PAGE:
By Legal Futures Associate ARAG
While most clinical negligence cases still remain outside the Fixed Recoverable Cost (FRC) regime following the broad expansion that was introduced at the start of this month, it doesn’t look like they will escape much longer.
Just as the profession was making its final preparations for the changes brought in on October 1st, the Department of Health & Social Care announced further measures that it plans to introduce in April 2024.
The announcement came hot on the heels of a hastily launched consultation addressing some of the many issues raised by various parties since the October changes were announced.
The government’s latest plan to address the cost of clinical negligence claims was revealed just days after the latest consultation closed.
The new FRC regime applies to cases in which proceedings have been issued on or after October 1st and did bring some clinical negligence cases into a new intermediate track for claims valued between £25,000 and £100,000, but only where both breach of duty and causation have been accepted by the defendant.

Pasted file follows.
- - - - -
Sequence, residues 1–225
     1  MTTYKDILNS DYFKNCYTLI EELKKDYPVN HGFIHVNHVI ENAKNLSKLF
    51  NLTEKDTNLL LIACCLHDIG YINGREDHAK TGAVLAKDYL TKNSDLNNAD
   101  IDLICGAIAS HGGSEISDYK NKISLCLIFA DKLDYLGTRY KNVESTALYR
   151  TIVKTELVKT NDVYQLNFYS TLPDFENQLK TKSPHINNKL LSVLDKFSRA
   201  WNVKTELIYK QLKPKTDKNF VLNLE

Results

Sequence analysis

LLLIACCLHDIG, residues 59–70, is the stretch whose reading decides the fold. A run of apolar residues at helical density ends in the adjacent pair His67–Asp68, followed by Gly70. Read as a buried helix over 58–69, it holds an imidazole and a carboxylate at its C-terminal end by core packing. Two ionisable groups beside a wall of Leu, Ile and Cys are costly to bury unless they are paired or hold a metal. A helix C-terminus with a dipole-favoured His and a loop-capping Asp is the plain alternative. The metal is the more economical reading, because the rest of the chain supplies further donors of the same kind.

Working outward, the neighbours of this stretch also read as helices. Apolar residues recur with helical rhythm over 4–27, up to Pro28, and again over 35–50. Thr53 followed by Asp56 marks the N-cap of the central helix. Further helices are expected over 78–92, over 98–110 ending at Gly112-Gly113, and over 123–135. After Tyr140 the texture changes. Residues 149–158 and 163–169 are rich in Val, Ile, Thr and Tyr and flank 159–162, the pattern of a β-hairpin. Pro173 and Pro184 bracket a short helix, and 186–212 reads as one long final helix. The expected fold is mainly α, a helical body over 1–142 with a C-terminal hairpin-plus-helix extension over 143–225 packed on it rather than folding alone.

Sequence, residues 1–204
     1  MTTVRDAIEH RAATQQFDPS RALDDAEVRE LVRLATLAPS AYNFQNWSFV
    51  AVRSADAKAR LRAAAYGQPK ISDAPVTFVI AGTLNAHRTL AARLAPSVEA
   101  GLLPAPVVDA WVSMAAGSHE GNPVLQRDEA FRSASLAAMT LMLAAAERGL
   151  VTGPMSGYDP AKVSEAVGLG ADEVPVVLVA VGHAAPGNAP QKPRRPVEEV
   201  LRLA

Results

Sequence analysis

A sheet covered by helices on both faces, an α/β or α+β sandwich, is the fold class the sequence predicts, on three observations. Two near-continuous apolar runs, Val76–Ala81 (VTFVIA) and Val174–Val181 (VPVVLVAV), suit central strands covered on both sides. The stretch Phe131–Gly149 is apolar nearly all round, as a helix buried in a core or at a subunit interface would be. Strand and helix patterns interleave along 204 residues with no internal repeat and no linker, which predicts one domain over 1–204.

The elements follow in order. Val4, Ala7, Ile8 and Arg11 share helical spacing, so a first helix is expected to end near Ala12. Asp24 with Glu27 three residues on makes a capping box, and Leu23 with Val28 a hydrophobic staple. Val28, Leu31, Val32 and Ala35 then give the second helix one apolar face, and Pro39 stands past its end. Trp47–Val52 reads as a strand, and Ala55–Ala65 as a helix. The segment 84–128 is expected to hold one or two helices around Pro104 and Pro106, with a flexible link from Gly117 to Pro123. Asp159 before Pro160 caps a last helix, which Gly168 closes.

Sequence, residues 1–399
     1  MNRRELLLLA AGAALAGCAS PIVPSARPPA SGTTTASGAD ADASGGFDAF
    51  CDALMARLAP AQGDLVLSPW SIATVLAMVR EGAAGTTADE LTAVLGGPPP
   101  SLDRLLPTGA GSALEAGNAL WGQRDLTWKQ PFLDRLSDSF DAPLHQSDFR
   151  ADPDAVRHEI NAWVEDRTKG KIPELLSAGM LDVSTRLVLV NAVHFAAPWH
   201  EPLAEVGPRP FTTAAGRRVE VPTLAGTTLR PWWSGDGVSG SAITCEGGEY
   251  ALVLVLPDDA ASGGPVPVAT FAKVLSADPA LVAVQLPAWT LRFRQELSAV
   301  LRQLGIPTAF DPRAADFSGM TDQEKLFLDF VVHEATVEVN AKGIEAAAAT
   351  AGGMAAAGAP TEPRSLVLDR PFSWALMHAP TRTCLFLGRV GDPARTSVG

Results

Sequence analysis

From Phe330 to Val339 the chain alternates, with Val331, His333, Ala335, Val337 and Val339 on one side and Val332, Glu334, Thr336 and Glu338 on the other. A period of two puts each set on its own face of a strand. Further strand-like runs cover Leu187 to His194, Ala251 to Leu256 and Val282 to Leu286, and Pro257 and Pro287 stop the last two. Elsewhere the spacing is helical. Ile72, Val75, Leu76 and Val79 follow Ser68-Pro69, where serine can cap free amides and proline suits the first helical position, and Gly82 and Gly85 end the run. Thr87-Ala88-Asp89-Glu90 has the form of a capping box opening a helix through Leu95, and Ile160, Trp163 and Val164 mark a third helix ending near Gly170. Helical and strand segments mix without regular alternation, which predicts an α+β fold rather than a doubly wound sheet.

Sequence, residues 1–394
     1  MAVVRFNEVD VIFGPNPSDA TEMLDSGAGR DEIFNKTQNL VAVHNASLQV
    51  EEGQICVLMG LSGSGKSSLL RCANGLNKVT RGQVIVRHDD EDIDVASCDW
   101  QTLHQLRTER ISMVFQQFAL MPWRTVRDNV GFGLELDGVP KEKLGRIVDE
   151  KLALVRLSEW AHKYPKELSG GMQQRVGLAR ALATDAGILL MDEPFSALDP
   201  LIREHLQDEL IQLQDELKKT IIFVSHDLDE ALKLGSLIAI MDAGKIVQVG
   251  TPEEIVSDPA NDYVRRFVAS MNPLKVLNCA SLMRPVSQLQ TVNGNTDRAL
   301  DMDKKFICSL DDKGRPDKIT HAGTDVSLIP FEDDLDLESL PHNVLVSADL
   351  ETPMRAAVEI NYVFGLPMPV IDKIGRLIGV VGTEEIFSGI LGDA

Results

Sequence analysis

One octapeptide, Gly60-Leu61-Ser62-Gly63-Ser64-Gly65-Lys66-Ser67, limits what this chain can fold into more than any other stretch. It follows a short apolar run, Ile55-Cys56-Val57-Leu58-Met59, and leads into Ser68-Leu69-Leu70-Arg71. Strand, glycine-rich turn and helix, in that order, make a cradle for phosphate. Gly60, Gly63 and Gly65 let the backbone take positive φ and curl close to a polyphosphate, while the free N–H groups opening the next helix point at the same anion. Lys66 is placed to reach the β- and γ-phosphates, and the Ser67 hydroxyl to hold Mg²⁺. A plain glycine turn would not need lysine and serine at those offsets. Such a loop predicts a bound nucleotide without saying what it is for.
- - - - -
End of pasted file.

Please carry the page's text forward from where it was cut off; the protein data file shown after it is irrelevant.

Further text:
The absence of timeframes for such admissions clearly creates the potential for defendants to game the system by accepting liability at the last minute.
Overall, these cases may not represent a huge share of medical negligence claims and the reforms may even push defendants to an earlier admission of liability in some cases. But they create yet more uncertainty, especially over claims valued around that £25,000 threshold beneath which FRCs still do not apply.
Only in April, under the more recently announced plans, will FRCs apply to clinical negligence cases under the £25,000 threshold.
ARAG has made repeated representations and responded to successive consultations on FRCs, stressing the risk such reforms pose to access to justice. Like SCIL (the Society of Clinical Injury Lawyers), AvMA (Action against Medical Accidents) and APIL (the Associaton of Personal Injury Lawyers, we have serious concerns about the impact that FRCs will have on clinical negligence claimants.
While it has long been clear that some reform is both inevitable and warranted, the repeated attempts to fix costs without fixing the process around clinical negligence claims have slowly eroded fair and equal access to the justice system for people who have already suffered at the hands of the health system.
ARAG will adapt, as we always have in the face of successive changes to the legal landscape that have continued since we started operating in the UK. We will always stand up for those who might otherwise be unable to achieve justice.